Note: To protect the privacy of our members, e-mail addresses have been removed from the archived messages. As a result, some links may be broken.

Lesson Plans


nea

[ Thread ][ Subject ][ Author ][ Date ]
Roseau (mikelr)
Sun, 25 Oct 1998 08:10:45 -0500


>>If as an artist you accept money for your art, it is no longer yours.
Therefore, if your patron pays you to make a painting, and then decides
to burn that painting, he has the right to do so. To take it one step
further, if the patron decides to set standards, well then, they ARE
paying after all.

This is only partly true. Artists not only own their original, they own copyright as well. Niether ownership of the original or copyright can be reassigned without written authorization (outside, of course, work-for-hire situations).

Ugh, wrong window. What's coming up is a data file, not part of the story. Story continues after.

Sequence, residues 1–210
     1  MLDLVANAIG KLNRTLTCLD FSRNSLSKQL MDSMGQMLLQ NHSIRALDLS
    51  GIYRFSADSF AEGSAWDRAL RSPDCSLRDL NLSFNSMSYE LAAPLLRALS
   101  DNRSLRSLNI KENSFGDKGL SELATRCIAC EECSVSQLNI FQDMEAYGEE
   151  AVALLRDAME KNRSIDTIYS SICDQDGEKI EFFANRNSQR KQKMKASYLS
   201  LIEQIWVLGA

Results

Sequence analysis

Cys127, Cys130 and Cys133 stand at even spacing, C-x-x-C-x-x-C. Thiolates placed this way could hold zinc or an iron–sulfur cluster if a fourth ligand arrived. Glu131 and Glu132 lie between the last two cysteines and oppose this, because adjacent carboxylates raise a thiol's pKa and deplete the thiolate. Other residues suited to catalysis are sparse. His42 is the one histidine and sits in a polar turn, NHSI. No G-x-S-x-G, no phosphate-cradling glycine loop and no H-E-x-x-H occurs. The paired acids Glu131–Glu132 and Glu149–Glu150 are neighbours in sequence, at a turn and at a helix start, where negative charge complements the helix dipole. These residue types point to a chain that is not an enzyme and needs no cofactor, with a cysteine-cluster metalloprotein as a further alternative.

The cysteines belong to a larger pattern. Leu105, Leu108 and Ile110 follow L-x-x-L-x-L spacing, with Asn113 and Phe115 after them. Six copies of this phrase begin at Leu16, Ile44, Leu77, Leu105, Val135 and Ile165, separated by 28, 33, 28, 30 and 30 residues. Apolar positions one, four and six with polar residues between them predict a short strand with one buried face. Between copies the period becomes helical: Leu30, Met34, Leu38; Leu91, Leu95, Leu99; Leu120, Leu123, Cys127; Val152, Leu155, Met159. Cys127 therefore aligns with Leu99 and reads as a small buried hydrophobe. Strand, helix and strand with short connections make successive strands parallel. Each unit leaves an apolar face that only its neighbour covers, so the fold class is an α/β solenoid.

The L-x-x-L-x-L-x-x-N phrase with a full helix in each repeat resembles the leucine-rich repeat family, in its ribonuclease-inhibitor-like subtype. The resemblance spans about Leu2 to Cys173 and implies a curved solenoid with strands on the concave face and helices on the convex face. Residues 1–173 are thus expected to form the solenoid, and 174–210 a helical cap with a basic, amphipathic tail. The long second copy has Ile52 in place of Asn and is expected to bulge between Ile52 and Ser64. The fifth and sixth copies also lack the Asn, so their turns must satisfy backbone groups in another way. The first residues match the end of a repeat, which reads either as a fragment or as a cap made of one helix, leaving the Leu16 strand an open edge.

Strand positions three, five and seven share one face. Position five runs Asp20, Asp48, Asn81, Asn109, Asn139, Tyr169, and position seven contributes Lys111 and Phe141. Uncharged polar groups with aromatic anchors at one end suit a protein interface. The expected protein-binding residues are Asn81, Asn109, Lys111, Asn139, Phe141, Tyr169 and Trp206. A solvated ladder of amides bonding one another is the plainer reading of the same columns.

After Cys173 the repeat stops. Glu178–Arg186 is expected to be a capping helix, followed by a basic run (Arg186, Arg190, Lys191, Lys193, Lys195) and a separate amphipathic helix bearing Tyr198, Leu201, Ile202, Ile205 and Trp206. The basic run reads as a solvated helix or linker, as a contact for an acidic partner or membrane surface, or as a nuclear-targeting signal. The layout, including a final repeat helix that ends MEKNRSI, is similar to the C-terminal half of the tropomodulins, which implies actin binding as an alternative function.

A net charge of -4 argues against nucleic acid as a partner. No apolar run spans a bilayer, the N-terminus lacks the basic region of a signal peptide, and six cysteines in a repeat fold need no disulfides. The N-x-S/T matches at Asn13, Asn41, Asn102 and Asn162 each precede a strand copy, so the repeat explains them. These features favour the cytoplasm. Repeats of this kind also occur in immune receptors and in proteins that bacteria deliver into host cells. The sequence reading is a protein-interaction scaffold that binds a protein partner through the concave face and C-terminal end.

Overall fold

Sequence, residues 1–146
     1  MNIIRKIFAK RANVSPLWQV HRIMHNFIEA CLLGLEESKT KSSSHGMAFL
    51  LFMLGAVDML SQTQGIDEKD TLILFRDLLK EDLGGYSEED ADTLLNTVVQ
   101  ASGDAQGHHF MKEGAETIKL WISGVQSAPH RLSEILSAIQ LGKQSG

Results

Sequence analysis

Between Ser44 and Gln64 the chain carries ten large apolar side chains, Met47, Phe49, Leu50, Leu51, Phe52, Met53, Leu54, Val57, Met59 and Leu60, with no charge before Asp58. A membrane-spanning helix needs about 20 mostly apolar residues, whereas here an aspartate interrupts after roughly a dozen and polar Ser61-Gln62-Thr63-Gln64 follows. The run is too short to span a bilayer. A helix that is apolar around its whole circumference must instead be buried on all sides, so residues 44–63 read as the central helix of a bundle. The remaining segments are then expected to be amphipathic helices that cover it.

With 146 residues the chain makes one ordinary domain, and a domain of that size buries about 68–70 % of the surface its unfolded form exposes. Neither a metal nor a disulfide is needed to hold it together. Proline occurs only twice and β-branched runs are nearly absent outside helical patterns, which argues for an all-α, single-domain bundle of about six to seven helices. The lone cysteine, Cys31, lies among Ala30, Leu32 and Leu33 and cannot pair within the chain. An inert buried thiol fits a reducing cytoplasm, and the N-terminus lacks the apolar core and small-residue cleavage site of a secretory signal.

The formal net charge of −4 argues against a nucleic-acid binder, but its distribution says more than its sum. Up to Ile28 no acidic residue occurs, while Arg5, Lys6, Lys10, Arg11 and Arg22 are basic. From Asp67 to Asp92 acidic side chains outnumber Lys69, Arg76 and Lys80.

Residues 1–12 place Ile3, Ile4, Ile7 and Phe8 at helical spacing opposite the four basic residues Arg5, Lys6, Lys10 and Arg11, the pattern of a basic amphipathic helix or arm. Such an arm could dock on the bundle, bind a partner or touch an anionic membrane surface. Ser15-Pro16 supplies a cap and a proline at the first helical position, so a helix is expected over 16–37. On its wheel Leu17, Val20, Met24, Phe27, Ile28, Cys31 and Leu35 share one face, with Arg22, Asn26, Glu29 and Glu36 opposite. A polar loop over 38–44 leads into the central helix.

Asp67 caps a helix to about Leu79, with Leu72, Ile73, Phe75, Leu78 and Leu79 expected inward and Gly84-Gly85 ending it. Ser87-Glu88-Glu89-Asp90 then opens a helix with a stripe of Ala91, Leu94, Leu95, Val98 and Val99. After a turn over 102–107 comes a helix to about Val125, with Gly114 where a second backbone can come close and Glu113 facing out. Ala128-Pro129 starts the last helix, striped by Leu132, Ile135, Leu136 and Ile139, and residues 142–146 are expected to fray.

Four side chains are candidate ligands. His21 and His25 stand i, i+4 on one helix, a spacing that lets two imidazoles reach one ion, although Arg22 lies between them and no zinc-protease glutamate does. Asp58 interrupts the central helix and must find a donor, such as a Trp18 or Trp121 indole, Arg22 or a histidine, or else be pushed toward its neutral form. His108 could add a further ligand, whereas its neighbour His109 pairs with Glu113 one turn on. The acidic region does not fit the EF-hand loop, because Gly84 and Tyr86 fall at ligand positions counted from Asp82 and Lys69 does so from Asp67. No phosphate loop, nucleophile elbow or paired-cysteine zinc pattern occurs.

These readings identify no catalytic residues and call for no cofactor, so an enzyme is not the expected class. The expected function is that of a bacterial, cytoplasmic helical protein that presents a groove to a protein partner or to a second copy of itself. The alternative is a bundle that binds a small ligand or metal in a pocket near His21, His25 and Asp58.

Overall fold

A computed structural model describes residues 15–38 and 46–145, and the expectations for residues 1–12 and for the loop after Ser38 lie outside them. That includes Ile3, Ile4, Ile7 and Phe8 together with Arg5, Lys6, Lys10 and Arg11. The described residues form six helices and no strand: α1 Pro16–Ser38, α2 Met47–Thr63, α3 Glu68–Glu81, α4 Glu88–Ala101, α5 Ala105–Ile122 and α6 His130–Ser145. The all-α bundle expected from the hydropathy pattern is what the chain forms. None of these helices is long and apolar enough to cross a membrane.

If, on the other hand, you mean that the patron owns the artist, I would say, "so what? It has been ever thus." The vatican "owned" Michelangelo, Giotto, Raphael, etc. It didn't seem to hurt them much. Patronage is part of the artistic relationship, as is the judgment of the market.

>>Now, you may ask, how can one survive as an artist, then? And therein
lies the problem. If your art is to be your vehicle for survival, then
choose your patrons carefully, or be prepared to accept the unwritten
contract of money for your art=patron's control.

Right on! This idea that an artist is an independent agent is total nonsense - if we don't have actual patrons writing the check, we a beholden to the culture from which our work arises.

The idea of the artist is autonomous is a modern fiction that has deluded three generations of artists.

--
Mike Reed

http://www.winternet.com/~mikelr/html/art.html


  • Maybe reply: Betti P. Longinotti: "Re: nea"
  • Maybe reply: Roseau: "Re: nea"
  • Maybe reply: Roseau: "Re: nea"